They stay the same no matter how much the company produces. Therefore, the higher the production level, the more the company is able to spread out these fixed costs and achieve a lower average fixed cost per unit.

hint
Keep in mind that the total fixed costs stays the same across all units produced, but as a firms gets bigger and bigger, they are able to spread out these fixed costs.

In fact, it is the variable costs that are related to production levels.

As the firm increases production, they will experience an increase in their variable costs. These will form the basis of defining whether the firm is seeing economies, constant, or diseconomies of scale.


4. Economies of Scale: Barrier to Entry

Here is an example of economies of scale as a barrier to entry.

Notice how this long run average cost curve is drawn so that it never experiences diseconomies of scale--average cost is constantly falling.

File:9735-Screen_Shot_2019-06-09_at_10.27.13_AM.png

Utility companies provide a good example of economies of scale like this because they have enormous upfront fixed costs.

Depending on the utility company, most of them have a significant network that they have to put in place.

However, once that network is in place, the additional cost of servicing another home is fairly low as long as the network is in that area, and because of this, as they service more and more homes, their average costs fall, because their variable cost is not significantly increasing and they are able to spread out those initial upfront fixed costs.

Therefore, it makes sense for companies with large upfront costs to produce a lot.

Once the company is established--going back to our utility company example--it becomes very difficult to enter the market and compete because of the cost advantage the existing firm has from the economies of scale.

Even if another firm would try to enter, the competition might drive the price too low for either of them to realize any kind of profit.

This is why many utility companies are referred to as natural monopolies, where it simply makes sense for them to be the only company offering a utility in that area.

Therefore, the size of the existing firm becomes a barrier to entry.

hint
Remember, barriers to entry are what create less competitive market structures like monopoly or oligopolies.


5. Diseconomies of Scale: Competitive Industries

However, in more competitive industries, diseconomies of scale can occur.

File:9736-Screen_Shot_2019-06-09_at_10.38.38_AM.png

It is possible for a firm to get too large, and certain inefficiencies can result, such as:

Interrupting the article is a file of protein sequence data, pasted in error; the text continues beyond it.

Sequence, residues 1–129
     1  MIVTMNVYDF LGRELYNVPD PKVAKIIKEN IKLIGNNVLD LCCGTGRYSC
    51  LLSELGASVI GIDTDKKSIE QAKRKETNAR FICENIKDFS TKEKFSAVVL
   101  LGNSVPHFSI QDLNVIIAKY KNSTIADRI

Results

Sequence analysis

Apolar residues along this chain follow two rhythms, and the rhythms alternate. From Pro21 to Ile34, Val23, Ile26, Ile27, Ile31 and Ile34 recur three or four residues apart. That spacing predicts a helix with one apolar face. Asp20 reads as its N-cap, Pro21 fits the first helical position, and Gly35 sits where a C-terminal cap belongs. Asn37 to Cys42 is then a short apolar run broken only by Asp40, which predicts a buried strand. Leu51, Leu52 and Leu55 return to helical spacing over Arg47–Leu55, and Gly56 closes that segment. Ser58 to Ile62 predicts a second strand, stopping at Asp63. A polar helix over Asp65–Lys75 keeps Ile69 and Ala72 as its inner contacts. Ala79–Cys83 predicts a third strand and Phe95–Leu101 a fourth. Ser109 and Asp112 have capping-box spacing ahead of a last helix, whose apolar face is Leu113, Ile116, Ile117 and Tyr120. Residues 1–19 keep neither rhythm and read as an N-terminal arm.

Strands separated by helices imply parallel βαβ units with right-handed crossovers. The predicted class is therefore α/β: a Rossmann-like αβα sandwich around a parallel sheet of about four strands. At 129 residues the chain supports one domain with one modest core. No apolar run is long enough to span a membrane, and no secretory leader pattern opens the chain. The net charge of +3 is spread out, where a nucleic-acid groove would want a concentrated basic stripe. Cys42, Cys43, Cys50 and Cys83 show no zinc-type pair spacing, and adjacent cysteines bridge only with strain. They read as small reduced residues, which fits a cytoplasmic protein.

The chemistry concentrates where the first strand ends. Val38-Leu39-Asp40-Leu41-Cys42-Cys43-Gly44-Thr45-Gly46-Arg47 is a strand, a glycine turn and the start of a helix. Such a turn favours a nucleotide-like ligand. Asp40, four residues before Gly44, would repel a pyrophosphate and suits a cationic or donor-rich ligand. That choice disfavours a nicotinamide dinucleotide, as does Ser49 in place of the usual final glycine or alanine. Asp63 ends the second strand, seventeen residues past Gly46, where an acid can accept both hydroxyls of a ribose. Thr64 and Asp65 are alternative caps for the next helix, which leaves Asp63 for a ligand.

• Poor communication
  • Coordination problems between departments and divisions of the company
  • Employees, detached from the company and owners, making decisions that are not in the best interest of owners

Therefore, it can become inefficient and average costs begin to rise.

In this graph, notice that the long run average cost curve is drawn such that the firm begins to experience diseconomies of scale at a fairly low level of output.

When this happens, it means there is an opportunity for new firms to enter easily--the opposite of what we covered in the section above.

hint
Remember, when new firms can enter easily, this is where we see more competitive industries.


summary
We began today's lesson with a review of what happens to a firm in the long run, noting that in the long run, all inputs and costs become variable. We learned that a firm's long run average cost curve (LRAC) is made up of short run average cost (SRAC) curves, each representing a different scale of production. You were able to see the varying cost structure of firms/industries, noting that where average costs fall as the scale increases, the firm experiences economies of scale. On the other hand, where those average costs begin to rise as the company gets bigger, the firm experiences diseconomies of scale. Lastly, we learned how not all industries and firms are the same. We explored examples of economies and diseconomies of scale, understanding that different industries and firms have different cost structures, resulting in different long run average cost curves.

Source: Adapted from Sophia instructor Kate Eskra.

Terms to Know
Diseconomies of Scale

An increase of operational facilities that create an increase in marginal cost.

Economies of Scale

An increase of operational facilities that create a decrease in marginal cost.